We got the dirt yesterday. I got it on multiple fronts.
All of us had the opportunity to absorb the full impact of the Mueller Report. Trump’s hand-picked Attorney General William Barr described this process a few week ago as a complete exoneration of the President. After having perused Mueller’s actual report and noted that there are still 20 ongoing, active investigations, I think it’s safe to say that this is an exoneration in the same way that the Nuremberg Trials were an exoneration of the Nazi regime.
I saw a theoretically well-intentioned Christian pastor and Trump supporter write this off yesterday as an attack of Satan, who wants to distract us from all the good stuff of Holy Week, as if betrayal and the projection of a false public image (Judas betrayed Jesus with a kiss) weren’t at the very heart of Holy Week.
On the work front, I’ve been asked to present a nicely and falsely scrubbed image as well. I write for my daily bread, and I’ve been asked to write about monetary and tax implications of certain events that, shall we say, stretch reality. In short, I’ve been asked to lie. I’m not going to do it. We all have these choices to make, and we all face the consequences of what we do or fail to do.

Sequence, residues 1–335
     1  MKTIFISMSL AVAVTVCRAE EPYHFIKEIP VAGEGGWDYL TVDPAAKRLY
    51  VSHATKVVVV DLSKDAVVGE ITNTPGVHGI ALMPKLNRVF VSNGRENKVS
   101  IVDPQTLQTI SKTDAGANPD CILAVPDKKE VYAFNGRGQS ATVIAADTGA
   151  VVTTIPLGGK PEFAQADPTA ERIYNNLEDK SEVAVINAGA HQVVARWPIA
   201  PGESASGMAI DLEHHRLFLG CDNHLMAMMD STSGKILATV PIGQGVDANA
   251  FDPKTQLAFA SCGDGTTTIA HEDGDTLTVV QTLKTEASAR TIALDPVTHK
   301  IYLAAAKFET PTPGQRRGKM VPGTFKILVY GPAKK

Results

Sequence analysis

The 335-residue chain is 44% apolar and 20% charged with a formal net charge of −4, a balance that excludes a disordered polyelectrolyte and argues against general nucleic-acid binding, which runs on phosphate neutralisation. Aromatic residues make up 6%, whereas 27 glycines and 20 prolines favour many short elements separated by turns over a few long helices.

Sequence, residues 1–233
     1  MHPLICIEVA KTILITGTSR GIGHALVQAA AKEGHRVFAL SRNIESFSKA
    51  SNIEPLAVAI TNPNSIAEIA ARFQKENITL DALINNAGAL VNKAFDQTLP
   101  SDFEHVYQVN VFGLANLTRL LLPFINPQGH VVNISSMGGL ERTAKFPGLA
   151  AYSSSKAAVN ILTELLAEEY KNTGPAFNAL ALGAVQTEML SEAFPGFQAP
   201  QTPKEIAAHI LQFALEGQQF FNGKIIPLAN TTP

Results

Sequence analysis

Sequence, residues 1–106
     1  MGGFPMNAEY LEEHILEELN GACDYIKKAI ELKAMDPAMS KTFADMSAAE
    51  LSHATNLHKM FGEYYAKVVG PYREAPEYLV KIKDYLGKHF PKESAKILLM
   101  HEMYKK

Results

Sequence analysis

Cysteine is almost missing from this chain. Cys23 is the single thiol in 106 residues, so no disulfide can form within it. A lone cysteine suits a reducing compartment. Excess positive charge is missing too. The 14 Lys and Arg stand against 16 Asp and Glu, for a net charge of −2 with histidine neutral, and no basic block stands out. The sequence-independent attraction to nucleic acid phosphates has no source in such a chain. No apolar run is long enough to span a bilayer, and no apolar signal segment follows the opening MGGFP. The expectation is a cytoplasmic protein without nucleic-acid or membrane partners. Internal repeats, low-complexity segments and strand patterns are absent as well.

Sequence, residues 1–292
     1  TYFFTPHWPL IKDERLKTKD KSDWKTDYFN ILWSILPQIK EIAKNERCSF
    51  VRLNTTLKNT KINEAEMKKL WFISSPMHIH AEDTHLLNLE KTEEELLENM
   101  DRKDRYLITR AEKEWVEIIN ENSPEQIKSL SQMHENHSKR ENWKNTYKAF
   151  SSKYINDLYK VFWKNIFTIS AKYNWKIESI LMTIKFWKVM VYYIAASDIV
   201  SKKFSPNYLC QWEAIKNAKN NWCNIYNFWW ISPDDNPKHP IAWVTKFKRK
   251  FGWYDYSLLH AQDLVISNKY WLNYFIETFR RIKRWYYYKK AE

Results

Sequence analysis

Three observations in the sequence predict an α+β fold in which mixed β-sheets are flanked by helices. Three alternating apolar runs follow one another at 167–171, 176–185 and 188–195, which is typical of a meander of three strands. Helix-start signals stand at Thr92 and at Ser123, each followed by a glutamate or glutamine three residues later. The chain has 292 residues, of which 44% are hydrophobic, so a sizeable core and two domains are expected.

Meanwhile, this unholy week proceeds apace. Last night at church we washed each other’s feet. For real. There was nothing symbolic about it. There were no false images. Just dirty, smelly feet, probably a bit like the ones Jesus encountered at the Last Supper, although arguably a little cleaner because the participants came into the proceedings wearing Oxfords and Michael Jordan sneakers. It was distasteful, menial work, just as it was 2,000 years ago; the kind of thing relegated to servants and underlings back in the day.
“When he had finished washing their feet, he put on his clothes and returned to his place. “Do you understand what I have done for you?” he asked them. ””
So call me blessed. Truly. The feet I washed happened to be attached to my wife. I’ve played with them before, as one does, I suppose. But I’ve never washed them before. And something holy was going on. I am called to love and serve God, but above all else this is the human being I am called to love and serve. Remember. Remember. And so I did. I remembered my marriage vows, and I remembered that I live in a stolen, deeply compromised land, and I remembered that compromise is ever-present. You have to choose what and whom you will serve. It was a good and holy and hard time. To quote the ancient sage Paul Simon, it’s all right, it’s all right; I’m just weary to my bones.
Here I stand, on my dirty feet. Lord, have mercy.